Mr. White came into Davy’s room yawning and nursing a steaming styrofoam cup in the hand that didn’t hold his clipboard.
“Morning, Mr. White,” Davy said, not looking up from his coloring book. They’d awoken Davy an hour earlier and given him mild stimulants, and it was still black outside through the windows at the end of the room. He’d had his breakfast at the big table, and the nurse had left him there to color while he waited for Mr. White.
“Morning Davy. Sorry we had to be so early — time zone differences.”
Mr. White put his clipboard down and slurped from his cup. He looked at Davy. He looked around the room — a colorful collage, the universe of an eight-year-old boy done up in constellations of dinosaurs and soccer balls and rugged toys of all kinds. Mr. White smiled at a radio-operated big-wheeled monster truck, and plinked its whiplash aerial idly with a finger. “Some new toys here, Davy.”
Mr. Dance came in then, nursing a white cup in the hand that didn’t hold his big, brown envelope. He had dark circles under his eyes, and brought the smell of cigarettes and burnt coffee with him into the child’s room. “Tina says it’s a go,” he said.
“How is she?” White.
“Irritable; vast; difficult. And infallible. We go in twenty, better hurry.” Dance.
Davy looked at the adults, wrinkling his nose. He knew Tina well, but had only met her once. She lived upstairs and when he was taken to her room he had stood as far away from her wheelchair as he could. She was one of those people that said they loved children, and you wondered if she meant to eat. She could see better than anyone in the world, though, and Davy knew it.
“Are we getting the toy box out?” said Davy, a kernel of excitement stirring in his torso.
Mr. Dance said, “Damn straight,” and Mr. White said, “Yes, Davy. Patience.”
Nurses arrived, wheeling in equipment on carts. They checked and prodded Davy, doing the squeeze-cuff thing, the light in the eyes thing, the “say ahhh, Davy” thing. Ears, eyes, nose, mouth. Davy squirmed, thinking all the while about his toy box. “Quickly, please,” Dance said through his teeth a couple of times.
At last they brought it and sat it at the end of the big table. Big as Davy, steel all over, cold as window glass at night. The toy box. Mr. White typed the code on the lock and it clacked open.
Mr. White sighed. “Not this time, Davy. Sit tight please.”
Mr. Dance emptied his envelope and mumbled over his maps. Davy had seen them before, and they never looked like the sort of maps in books. Mr. Dance said they were pictures taken from cameras in space. Davy colored a while, while the nurses hooked up his looker. He squirmed some more, wanting the toys in the box.
“Ow,” he said as the nurse adjusted the looker over his head, tugging his hair. “Can’t I play without the looker, Mr. White?”
But Mr. White ignored him, as he always did. He and Mr. Dance were setting up the table for playtime. It didn’t look real great so far. Sometimes they pulled out the best army men, and arranged them all over, and let Davy smash them with a hammer or burn them or cut them with nippers. And tanks and trucks and planes and tank-things called APCs. And buildings and bridges and, one time, a big boat. Davy liked the boat, they had played with it in the bathtub and he’d sunk it.
This time though, it was just one guy. A little plastic guy in a suit like Mr. White and Mr. Dance wore beneath their white coats. The little guy was in a building, with a lot of other buildings around it. Mr. Dance was very fussy about how everything was set up — that much was always the same.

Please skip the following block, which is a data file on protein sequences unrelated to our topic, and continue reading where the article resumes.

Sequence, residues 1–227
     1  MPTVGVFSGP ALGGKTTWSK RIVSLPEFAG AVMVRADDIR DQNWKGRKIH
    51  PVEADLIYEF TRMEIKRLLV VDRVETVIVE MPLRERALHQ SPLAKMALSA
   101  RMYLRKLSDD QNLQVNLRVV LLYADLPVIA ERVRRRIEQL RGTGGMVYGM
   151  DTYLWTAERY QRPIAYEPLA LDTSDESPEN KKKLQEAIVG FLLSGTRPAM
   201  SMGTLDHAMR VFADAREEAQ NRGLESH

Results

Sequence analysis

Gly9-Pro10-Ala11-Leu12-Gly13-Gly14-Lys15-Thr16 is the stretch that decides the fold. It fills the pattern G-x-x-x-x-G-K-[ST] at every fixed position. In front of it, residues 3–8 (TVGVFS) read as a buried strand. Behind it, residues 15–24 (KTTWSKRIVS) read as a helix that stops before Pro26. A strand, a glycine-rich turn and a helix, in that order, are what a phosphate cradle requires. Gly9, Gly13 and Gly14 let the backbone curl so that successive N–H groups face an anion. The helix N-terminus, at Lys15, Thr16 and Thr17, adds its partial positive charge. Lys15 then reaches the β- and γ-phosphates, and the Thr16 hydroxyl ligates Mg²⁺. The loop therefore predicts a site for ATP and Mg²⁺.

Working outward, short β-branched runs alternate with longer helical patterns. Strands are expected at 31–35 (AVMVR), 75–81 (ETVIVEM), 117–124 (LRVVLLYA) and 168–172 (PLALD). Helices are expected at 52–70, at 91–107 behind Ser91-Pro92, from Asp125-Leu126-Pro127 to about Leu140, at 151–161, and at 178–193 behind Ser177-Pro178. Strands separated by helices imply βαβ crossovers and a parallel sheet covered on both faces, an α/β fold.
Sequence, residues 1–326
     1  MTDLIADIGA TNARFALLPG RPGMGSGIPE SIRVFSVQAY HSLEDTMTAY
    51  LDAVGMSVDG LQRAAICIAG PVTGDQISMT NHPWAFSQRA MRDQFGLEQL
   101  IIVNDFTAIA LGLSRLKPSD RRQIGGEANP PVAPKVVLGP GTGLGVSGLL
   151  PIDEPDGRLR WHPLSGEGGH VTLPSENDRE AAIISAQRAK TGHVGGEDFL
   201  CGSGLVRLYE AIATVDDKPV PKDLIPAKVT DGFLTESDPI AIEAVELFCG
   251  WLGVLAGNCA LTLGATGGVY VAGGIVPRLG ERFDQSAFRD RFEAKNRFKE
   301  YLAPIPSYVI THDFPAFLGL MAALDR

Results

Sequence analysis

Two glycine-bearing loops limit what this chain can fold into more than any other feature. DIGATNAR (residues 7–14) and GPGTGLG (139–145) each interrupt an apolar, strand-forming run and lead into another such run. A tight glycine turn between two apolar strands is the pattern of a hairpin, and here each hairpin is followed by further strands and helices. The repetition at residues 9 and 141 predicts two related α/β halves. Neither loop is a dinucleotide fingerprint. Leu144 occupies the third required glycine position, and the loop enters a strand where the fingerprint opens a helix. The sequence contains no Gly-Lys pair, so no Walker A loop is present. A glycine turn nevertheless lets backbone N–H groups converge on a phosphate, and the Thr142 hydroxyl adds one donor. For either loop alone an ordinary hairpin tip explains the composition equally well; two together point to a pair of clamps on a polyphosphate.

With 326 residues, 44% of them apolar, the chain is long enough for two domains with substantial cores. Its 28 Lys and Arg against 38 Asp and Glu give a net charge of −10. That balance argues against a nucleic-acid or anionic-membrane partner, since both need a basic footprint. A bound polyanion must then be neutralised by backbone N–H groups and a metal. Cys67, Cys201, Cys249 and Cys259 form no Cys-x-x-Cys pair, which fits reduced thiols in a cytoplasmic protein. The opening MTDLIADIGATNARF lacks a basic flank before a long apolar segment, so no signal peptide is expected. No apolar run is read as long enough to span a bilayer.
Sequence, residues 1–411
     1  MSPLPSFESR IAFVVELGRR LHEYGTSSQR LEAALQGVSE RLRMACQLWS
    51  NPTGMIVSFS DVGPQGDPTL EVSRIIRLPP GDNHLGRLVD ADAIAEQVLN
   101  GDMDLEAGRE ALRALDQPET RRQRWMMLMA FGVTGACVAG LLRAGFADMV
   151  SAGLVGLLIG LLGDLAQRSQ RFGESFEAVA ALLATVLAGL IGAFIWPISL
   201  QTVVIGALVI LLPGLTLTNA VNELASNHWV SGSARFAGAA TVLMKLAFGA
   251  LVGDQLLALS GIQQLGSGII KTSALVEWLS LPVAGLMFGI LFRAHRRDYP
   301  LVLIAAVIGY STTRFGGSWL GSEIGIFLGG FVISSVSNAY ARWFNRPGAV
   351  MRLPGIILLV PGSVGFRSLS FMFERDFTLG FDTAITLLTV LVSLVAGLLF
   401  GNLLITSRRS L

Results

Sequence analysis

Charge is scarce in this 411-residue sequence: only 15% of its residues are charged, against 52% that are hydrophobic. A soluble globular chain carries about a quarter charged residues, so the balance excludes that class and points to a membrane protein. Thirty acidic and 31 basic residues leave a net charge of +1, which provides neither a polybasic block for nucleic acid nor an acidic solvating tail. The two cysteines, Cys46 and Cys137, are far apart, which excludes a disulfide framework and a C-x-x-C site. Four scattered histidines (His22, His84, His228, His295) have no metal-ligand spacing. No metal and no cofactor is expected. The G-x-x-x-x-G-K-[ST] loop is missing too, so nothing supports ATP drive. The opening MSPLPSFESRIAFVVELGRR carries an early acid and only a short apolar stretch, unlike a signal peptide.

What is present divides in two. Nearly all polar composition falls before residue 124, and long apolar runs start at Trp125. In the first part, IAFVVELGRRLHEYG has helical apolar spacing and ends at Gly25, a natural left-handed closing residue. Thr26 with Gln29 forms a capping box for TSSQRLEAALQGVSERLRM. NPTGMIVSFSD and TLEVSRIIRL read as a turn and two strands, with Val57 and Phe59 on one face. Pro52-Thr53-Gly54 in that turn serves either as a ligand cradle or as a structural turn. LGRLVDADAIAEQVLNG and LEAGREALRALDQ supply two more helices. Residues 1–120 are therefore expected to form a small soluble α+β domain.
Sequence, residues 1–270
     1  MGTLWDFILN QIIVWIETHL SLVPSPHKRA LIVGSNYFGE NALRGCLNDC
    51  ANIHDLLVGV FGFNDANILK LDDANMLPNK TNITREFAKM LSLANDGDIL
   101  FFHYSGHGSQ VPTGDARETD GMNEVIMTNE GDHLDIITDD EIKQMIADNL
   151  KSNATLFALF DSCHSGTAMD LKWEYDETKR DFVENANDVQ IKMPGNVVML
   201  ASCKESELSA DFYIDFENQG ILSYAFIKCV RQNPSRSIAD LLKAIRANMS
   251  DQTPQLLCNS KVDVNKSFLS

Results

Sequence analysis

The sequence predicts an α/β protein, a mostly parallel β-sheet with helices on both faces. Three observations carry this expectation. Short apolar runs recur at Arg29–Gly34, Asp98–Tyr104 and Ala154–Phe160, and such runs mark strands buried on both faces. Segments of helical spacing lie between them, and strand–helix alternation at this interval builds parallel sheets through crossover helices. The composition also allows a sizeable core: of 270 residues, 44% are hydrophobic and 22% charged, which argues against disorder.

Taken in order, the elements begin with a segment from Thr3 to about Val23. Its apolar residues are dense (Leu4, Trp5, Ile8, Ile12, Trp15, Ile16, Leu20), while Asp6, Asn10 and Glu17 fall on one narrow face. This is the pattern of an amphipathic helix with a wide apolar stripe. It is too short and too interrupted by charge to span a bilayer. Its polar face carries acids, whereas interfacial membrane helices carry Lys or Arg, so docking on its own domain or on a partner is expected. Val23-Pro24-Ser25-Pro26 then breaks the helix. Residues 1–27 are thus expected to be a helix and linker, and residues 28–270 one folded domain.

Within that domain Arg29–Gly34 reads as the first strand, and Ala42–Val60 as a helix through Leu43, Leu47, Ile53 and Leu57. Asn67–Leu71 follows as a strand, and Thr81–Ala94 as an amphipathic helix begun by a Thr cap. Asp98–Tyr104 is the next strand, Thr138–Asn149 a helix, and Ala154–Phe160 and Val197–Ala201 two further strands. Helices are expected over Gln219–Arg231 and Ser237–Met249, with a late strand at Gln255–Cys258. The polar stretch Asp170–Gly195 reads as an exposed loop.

“Okay, Davy. You know what to do. Make sure you wait for Tina to guide you to the target — the, uh, the guy — before you do anything.” Mr. Dance said, checking his watch. “And hurry a bit, kid.” He put a pair of pliers on the table next to Davy.
Davy looked from Dance to White. “Just one guy, Mr. White?”
“Yes, Davy.” A note of impatience had crept into Mr. White’s voice. “Just one. You know what to do.”
“Jeez, Mr. White, can’t we do some trucks and stuff, too?”
“No!” Mr. White said. “Davy, I’m not going to tell you again. Eliminate the target.”
Davy didn’t like that. He thought of all those army men and tanks and things, thought of smashing them. Thought of how good that felt with Tina there. Not like anything in the room, his other toys and things. The looker, the toy box — those made really real feelings.
Tina was there now, in his head like a piece of hair tickling him behind the eyes, wanting to take him halfway around the world. He went. He could see the building and the room. It was daytime. A man in a pale suit sat and read a newspaper in words that were all squiggles and dots. He was the plastic man.
“Come on please, Davy. The target.” White.
“We’re down to three minutes.” Dance.
“How should I do it?” Davy said.
“Davy! Just kill him, use the pliers, pull him apart, it doesn’t matter.” Mr. White said, very angry now. Davy didn’t like at all what he was feeling from Mr. White.
He reached his child-small hand through the window and picked up the plastic guy. He looked hard at Mr. White. Davy was completely in the moment, hardly noticing Tina’s protest somewhere in the back of his mind, when he put the plastic guy in his mouth.
Davy bit down.
They never did find Mr. White’s head.
Bill Ward is a freelance writer out of Baltimore, Maryland. He has sold fiction to Murky Depths, Darwin’s Evolutions, Kaleidotrope and the anthologies Northern Haunts, Return of the Sword, Dead Souls, and Desolate Places. In addition Bill has written background material and serial fiction for fantasy and science fiction games, has done editing for small press ventures, and is co-editor of the Magic & Mechanica Anthology from Ricasso Press. To read his fiction or check out his weekly book reviews please visit www.billwardwriter.com.